Based on your personal experience, what advice would you give to young people considering a career in PR?
Don’t expect it to be glamorous and exciting all the time. It’s a tough job. Publicists don’t have a 9 to 5. We’re always “on” and are often doing a number of things at once — arranging a photo shoot, pitching a producer for a morning show segment, dealing with an angry client who didn’t make it into a story, and handling about a million other additional little things in between.
It’s also important to stay on top of the shifts in the industry. The world of news is changing fast. Long-time writers are facing layoffs, contributor networks are replacing newsrooms, and clients want measurement and ROI more than ever. Be ready to prove your worth with impressions and publicity value.
You are known as a master networker. Can you share some tips on great networking?
Be yourself. Authenticity is the best asset you can have. In a world where society is trying to filter their lives for popularity on social media, the person who stays true to him or herself if the one that builds better relationships.
Is there a particular book that you read, or podcast you listened to that really helped you in your career? Can you explain?
Believe it or not, when I first started out I read just about every textbook I could get my hands on. Other entrepreneurs are out there reading motivational business books, and here I am reading “Digital Marketing Essentials” and other textbooks used in college curriculum. I’ll basically read anything that will teach me a new skill that can be used to grow my business.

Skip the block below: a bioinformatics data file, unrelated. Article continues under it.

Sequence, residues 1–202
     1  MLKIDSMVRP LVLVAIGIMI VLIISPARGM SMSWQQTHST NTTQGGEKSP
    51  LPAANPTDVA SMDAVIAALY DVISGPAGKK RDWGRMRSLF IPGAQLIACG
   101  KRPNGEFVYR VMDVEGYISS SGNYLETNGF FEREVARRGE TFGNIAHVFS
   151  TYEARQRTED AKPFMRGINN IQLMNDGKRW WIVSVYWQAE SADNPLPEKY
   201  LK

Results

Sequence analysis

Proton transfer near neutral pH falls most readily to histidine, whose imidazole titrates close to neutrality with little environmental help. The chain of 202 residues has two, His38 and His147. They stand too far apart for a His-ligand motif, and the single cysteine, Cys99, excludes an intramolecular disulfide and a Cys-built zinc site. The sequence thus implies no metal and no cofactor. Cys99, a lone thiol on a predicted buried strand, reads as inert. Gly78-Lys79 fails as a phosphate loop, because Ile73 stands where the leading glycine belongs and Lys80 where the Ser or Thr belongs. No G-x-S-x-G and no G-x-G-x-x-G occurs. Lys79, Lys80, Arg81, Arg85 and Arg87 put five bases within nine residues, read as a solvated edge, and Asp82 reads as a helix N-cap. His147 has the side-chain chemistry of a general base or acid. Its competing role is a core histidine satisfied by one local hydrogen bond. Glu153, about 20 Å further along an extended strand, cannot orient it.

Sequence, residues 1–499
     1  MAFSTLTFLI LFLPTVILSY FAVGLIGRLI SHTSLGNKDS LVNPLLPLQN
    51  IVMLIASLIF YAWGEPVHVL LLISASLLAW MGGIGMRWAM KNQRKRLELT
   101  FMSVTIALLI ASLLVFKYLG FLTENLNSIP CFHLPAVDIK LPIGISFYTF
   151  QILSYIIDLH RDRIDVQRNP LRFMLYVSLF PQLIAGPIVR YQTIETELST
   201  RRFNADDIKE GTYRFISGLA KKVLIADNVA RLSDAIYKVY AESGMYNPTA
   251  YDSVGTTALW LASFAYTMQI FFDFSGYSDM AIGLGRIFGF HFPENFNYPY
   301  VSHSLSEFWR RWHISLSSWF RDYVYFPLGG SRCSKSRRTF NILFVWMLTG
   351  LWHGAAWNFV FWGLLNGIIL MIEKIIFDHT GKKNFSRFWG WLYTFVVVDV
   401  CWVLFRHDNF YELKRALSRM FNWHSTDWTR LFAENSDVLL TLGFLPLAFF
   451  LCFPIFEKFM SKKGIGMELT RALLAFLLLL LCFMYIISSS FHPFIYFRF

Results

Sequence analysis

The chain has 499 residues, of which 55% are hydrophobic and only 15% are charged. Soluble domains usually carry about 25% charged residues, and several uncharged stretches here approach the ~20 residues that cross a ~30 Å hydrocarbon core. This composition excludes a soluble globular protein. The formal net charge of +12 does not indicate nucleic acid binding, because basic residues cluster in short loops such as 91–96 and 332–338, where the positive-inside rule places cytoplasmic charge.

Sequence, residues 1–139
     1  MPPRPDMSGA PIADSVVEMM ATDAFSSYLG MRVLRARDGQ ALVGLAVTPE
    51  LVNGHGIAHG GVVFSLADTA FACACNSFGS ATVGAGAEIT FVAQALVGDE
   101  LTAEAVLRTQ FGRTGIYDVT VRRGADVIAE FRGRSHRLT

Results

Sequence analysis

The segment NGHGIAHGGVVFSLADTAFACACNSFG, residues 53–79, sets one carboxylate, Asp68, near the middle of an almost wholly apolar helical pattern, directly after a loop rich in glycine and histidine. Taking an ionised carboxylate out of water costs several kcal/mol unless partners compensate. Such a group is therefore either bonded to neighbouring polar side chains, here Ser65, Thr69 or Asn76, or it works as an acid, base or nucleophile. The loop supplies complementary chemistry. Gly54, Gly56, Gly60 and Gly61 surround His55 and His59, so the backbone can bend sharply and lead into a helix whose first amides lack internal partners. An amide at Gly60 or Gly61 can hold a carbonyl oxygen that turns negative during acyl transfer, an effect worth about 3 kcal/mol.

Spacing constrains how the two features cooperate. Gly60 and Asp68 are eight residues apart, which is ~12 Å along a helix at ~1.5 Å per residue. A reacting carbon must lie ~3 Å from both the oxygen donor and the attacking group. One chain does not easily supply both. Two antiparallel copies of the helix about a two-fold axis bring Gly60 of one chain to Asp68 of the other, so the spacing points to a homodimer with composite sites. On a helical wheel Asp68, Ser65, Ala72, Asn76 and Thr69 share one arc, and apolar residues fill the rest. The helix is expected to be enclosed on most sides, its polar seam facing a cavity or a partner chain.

Because of the role you play, you are a person of great influence. If you could inspire a movement that would bring the most amount of good to the most amount of people, what would that be? You never know what your idea can trigger. 🙂
The “Be Nice” Movement. I feel like we are always so consumed with our lives, with our phones, and with our politics that we forget to be kind to one another. Sometimes a smile can change the entire outcome of a stranger’s day.
What are your “5 Things I Wish Someone Told Me Before I Started” and why?
- “It won’t be easy, but it will be worth it.” There was a time that I was broke, walking from meeting to meeting in the freezing cold because I couldn’t even afford public transportation. I wouldn’t change a thing. It brought out my inner toughness and determination and that’s why I’m successful today.
- “Even if you’re expensing it, it’s still YOUR money that you’re spending.” It’s easy to spend money you THINK you’re going to make. Don’t. You haven’t made it yet.
- “Bookkeeping is essential.” See number 2 and trust me that you need to understand what you’re pulling in versus what you’re paying out. Make sure you balance both, and if financial organization isn’t your thing, pay someone to do it. There have been plenty of times I’ve made mistakes that affected my cash flow. I won’t do that anymore.
- “Know when to pass on an opportunity that doesn’t feel right, no matter how much it is going to pay you.” No amount of money is worth sacrificing your sanity. Trust your gut. Always. In the beginning, I stayed with clients that drained me physically and emotionally. Choose to work with people and projects that leave you feeling inspired, not frustrated.
- “Believe in yourself. You CAN do this.” There are going to be people trying to push you down the more you succeed. Don’t be one of those people for yourself. Silence the critics and be your own biggest fan.